What intervals is f(x) = (5x^2)/(x^2 + 4) concave up/down?

May 28, 2015

In order to investigate concavity, we shall look at the sign of the second derivative.

$f \left(x\right) = \frac{5 {x}^{2}}{{x}^{2} + 4}$

$f ' \left(x\right) = \frac{- 40 x}{{x}^{2} + 4} ^ 2$

Finding $f ' ' \left(x\right)$:

$f ' ' \left(x\right) = \frac{- 40 {\left({x}^{2} + 4\right)}^{2} - \left(- 40 x\right) 2 \left({x}^{2} + 4\right) \left(2 x\right)}{{x}^{2} + 4} ^ 4$

$= \frac{\left({x}^{2} + 4\right) \left[- 40 \left({x}^{2} + 4\right) + 160 {x}^{2}\right]}{{x}^{2} + 4} ^ 4$

$= \frac{- 40 \left({x}^{2} + 4\right) + 160 {x}^{2}}{{x}^{2} + 4} ^ 3$

So:

$f ' ' \left(x\right) = \frac{120 {x}^{2} - 160}{{x}^{2} + 4} ^ 3$

In general, a function can change sign by either crossing the $x$ axis (being equal to $0$), or by being discontinuous (teleporting across the $x$ axis).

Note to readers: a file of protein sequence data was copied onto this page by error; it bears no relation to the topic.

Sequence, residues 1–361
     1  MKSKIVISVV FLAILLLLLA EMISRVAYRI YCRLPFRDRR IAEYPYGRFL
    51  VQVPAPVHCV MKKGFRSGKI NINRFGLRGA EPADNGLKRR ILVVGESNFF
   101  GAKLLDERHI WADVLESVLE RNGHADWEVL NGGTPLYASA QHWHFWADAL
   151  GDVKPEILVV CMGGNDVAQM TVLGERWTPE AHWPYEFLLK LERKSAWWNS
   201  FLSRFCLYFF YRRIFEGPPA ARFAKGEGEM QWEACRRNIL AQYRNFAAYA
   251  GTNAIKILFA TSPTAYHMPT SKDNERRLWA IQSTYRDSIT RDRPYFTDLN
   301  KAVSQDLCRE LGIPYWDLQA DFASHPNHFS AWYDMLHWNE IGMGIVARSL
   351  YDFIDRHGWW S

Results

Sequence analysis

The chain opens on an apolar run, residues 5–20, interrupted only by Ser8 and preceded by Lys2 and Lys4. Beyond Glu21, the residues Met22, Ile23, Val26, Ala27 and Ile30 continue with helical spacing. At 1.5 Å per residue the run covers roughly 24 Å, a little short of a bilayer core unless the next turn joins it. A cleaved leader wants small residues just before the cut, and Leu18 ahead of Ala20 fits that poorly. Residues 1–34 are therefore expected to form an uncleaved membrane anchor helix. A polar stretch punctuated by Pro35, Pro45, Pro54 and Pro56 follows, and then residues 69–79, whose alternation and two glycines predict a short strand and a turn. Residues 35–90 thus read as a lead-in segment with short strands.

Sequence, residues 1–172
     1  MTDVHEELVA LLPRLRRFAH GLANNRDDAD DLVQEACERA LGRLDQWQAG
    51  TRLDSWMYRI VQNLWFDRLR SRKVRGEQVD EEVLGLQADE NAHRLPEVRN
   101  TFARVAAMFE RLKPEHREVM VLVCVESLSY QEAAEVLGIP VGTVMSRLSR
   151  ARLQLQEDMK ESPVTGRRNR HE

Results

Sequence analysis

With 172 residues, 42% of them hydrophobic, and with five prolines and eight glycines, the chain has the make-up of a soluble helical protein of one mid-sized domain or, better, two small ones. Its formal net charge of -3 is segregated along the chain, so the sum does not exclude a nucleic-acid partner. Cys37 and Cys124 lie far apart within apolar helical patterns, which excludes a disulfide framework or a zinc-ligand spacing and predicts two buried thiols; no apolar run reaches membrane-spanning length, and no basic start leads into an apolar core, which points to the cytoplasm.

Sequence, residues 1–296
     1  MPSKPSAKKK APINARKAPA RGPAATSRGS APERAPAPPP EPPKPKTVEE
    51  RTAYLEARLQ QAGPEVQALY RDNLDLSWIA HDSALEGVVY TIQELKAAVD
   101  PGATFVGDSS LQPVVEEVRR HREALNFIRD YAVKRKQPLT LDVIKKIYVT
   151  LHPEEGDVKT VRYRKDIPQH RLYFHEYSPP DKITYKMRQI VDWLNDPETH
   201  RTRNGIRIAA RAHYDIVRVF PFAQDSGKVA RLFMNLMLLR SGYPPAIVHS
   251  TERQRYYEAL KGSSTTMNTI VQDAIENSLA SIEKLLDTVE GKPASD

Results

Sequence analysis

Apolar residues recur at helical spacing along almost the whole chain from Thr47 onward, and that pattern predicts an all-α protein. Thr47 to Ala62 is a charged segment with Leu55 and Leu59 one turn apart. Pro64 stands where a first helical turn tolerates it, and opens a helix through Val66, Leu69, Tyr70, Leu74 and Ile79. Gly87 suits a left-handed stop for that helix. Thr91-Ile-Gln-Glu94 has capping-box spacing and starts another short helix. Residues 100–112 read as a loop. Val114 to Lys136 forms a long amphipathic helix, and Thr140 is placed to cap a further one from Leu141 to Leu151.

In this case $f ' ' \left(x\right)$ is never discontinuous for real $x$, and

$f ' ' \left(x\right) = 0$ when $3 {x}^{2} - 4 = 0$, so $x = \pm \frac{2}{\sqrt{3}}$

Cut the number line into intervals and test each interval:

$\left(- \infty , - \frac{2}{\sqrt{3}}\right)$ $f ' ' \left(x\right)$ is positive, so the graph of $f$ is concave up

$\left(- \frac{2}{\sqrt{3}} , \frac{2}{\sqrt{3}}\right)$ $f ' ' \left(x\right)$ is negative, so the graph of $f$ is concave down

$\left(\frac{2}{\sqrt{3}} , \infty\right)$ $f ' ' \left(x\right)$ is positive, so the graph of $f$ is concave up